Many older teenagers are hesitant about getting the vaccineAround one in seven older teenagers in the UK would be hesitant about getting a coronavirus vaccine.
A survey carried out by the Office for National Statistics (ONS) between May 26 and June 20, revealed that 14% of 16-17-year-olds reported vaccine hesitancy.
The jab is currently only available to those 18 and over and some children whose cases fall into the exceptional circumstances category.
This percentage of hesitant older teens is higher that the percentage of uncertain 18-21-year-olds (9%) and uncertain 22-25 year-olds (10%).
The definition of vaccine hesitancy is someone who has refused to be vaccinated, said they would likely not take the jab when offered or those who responded ‘neither likely nor unlikely’, ‘don’t know’ or ‘prefer not to say’.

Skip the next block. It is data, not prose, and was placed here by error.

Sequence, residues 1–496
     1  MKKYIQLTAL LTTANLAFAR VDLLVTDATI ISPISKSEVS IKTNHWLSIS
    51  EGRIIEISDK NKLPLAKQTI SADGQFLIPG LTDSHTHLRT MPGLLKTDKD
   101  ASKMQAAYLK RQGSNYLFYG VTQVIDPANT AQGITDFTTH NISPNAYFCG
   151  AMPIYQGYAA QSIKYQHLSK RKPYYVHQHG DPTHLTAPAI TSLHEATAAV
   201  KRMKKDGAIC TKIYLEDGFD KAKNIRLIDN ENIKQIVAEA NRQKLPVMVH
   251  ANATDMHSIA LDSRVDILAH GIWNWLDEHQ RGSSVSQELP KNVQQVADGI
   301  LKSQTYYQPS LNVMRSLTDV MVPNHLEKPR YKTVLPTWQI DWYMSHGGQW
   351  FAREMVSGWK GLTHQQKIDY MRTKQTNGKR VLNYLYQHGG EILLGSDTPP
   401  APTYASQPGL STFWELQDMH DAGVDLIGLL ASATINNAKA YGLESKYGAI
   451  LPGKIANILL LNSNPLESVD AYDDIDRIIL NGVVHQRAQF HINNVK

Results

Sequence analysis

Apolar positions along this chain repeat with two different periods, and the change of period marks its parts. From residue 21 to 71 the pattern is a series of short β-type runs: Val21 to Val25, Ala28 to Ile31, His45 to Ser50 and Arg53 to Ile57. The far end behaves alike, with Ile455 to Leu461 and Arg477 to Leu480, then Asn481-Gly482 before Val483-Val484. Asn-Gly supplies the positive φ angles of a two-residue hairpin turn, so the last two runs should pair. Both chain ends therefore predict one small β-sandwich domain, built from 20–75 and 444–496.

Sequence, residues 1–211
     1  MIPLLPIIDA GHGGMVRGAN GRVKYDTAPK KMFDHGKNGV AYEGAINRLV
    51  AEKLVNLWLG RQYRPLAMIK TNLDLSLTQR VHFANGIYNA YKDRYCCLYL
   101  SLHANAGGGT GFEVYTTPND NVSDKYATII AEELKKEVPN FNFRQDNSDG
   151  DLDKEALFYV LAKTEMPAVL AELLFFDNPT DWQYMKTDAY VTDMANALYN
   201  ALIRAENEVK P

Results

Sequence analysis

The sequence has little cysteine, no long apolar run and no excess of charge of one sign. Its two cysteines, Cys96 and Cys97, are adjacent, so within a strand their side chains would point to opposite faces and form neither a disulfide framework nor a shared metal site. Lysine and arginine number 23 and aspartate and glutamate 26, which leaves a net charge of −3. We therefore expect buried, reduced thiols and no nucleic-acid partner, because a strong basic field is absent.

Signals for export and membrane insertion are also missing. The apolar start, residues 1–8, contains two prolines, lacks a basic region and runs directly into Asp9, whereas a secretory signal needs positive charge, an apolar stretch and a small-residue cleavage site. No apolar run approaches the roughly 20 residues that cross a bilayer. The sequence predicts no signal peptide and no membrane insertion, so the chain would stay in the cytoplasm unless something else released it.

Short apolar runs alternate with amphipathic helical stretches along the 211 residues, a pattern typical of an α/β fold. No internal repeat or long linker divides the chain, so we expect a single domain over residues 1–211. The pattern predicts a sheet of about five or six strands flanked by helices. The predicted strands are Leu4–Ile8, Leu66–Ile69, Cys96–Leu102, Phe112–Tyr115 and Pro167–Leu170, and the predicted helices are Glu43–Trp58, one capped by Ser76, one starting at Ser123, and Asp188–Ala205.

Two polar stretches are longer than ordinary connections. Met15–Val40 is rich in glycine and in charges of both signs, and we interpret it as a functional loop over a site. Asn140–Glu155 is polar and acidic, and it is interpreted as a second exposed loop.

A disparity in opinions about getting the vaccine doesn’t just show up in relation to age, but also in relation to ethnicity, religion and economic status.
Some 18% of black or black British adults reported hesitancy, followed by 11% of mixed background adults, 4% of white adults and 3% of Asian or Asian British adults.
Members of the public queue to receive a dose of a Covid-19 vaccine (Picture: AFP)
The survey covered 16,180 participants aged 16 and over. (Picture: PA)Approximately one in seven Muslim adults (15%) showed hesitancy, followed by 9% of Hindus and 3% of the Christian group.
Adults living in the most deprived parts of England were more likely to report hesitancy than those living in the least deprived areas – 8% and 3% respectively.
A higher rate of hesitancy was also found in London (7%) and the south-west (6%,) than other English regions.
The survey covered 16,180 participants aged 16 and over.
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